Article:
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ACLU Criticizes Gov. Pritzker’s New Bill That Targets Doxxing

It makes anyone across the state who shares personal identifiable information about another person with the purpose of harming them to be found civilly liable in court. The ACLU has cited free speech concerns.

a person stands behind the counter at UpRising bakery
Owner Corinna Sac of UpRising Bakery and Cafe in Lake in the Hills on March 22, 2023. (E. Jason Wambsgans/Chicago Tribune)
Last summer, a bakery in Chicago’s northwest suburbs was vandalized ahead of its plans to host a family-friendly drag show, leading to a cancellation of the sold-out event.

For Corinna Sac, the UpRising Bakery and Cafe’s owner, the broken windows and spray-painted messages were only the beginning.

In March, Sac told Illinois lawmakers that harassment stemming from the planned drag show at her Lake in the Hills business grew to include doxxing — usually defined as the sharing of personal identifiable information about another person for the purpose of harming them.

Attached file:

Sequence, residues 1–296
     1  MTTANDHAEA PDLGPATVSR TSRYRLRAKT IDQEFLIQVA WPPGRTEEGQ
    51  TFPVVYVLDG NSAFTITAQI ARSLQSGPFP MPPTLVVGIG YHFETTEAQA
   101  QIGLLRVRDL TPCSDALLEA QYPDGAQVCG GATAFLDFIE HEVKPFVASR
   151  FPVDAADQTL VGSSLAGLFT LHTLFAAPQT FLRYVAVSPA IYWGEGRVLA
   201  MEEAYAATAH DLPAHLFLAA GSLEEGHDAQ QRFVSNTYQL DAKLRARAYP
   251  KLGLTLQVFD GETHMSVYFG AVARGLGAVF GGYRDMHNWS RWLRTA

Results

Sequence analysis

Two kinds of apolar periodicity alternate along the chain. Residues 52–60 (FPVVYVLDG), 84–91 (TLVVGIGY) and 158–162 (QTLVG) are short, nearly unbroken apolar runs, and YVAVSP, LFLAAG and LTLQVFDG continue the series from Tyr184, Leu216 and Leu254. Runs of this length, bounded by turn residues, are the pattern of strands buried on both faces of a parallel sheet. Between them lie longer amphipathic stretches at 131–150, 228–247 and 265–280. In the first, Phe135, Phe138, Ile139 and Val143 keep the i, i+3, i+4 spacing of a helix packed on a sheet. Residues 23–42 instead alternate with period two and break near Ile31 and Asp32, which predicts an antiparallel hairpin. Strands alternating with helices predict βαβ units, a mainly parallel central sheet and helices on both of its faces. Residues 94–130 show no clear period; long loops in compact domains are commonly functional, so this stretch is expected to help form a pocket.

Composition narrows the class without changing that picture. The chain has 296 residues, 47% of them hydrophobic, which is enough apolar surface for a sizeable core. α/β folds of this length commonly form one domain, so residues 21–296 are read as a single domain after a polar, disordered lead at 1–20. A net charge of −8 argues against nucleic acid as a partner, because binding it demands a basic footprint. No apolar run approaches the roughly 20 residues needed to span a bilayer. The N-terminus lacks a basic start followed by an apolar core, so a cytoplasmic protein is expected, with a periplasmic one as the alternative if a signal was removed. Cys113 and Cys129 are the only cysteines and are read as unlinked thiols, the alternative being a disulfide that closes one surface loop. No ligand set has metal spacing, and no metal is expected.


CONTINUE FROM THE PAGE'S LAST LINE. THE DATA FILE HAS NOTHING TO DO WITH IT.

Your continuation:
“Not one person, not even the amazing Lake in the Hills police, could help us and defend us against this,” she testified before the House Judiciary Civil Committee. “I was advised to not leave my kids alone, report anything strange, take a different way home every day, never go out in public alone, and I was advised not to work alone, which put my business under even more stress.”

Earlier this month, Gov. J.B. Pritzker signed into law a measure that makes anyone in Illinois who engages in doxxing to be found civilly liable in court. The bill passed through the House and Senate with bipartisan support — and without any opposition — during the spring legislative session.

But an often key ally to progressives like Pritzker and other like-minded Democrats, the American Civil Liberties Union of Illinois, opposed the bill, citing free speech issues.